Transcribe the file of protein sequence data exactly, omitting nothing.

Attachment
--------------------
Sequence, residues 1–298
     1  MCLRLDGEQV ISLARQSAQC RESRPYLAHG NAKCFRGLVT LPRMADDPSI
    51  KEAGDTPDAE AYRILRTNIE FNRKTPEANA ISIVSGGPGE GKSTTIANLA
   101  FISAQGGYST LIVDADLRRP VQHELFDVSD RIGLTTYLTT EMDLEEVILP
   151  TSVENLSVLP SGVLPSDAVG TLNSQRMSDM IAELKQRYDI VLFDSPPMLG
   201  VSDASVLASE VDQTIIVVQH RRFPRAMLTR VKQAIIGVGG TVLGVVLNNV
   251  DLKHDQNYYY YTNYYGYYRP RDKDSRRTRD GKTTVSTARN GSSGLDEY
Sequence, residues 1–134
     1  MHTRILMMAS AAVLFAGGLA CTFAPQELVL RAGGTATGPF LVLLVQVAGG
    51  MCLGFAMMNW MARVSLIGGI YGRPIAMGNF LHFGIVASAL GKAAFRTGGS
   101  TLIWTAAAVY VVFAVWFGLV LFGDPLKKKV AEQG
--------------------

Sequence, residues 1–298
     1  MCLRLDGEQV ISLARQSAQC RESRPYLAHG NAKCFRGLVT LPRMADDPSI
    51  KEAGDTPDAE AYRILRTNIE FNRKTPEANA ISIVSGGPGE GKSTTIANLA
   101  FISAQGGYST LIVDADLRRP VQHELFDVSD RIGLTTYLTT EMDLEEVILP
   151  TSVENLSVLP SGVLPSDAVG TLNSQRMSDM IAELKQRYDI VLFDSPPMLG
   201  VSDASVLASE VDQTIIVVQH RRFPRAMLTR VKQAIIGVGG TVLGVVLNNV
   251  DLKHDQNYYY YTNYYGYYRP RDKDSRRTRD GKTTVSTARN GSSGLDEY
Sequence, residues 1–134
     1  MHTRILMMAS AAVLFAGGLA CTFAPQELVL RAGGTATGPF LVLLVQVAGG
    51  MCLGFAMMNW MARVSLIGGI YGRPIAMGNF LHFGIVASAL GKAAFRTGGS
   101  TLIWTAAAVY VVFAVWFGLV LFGDPLKKKV AEQG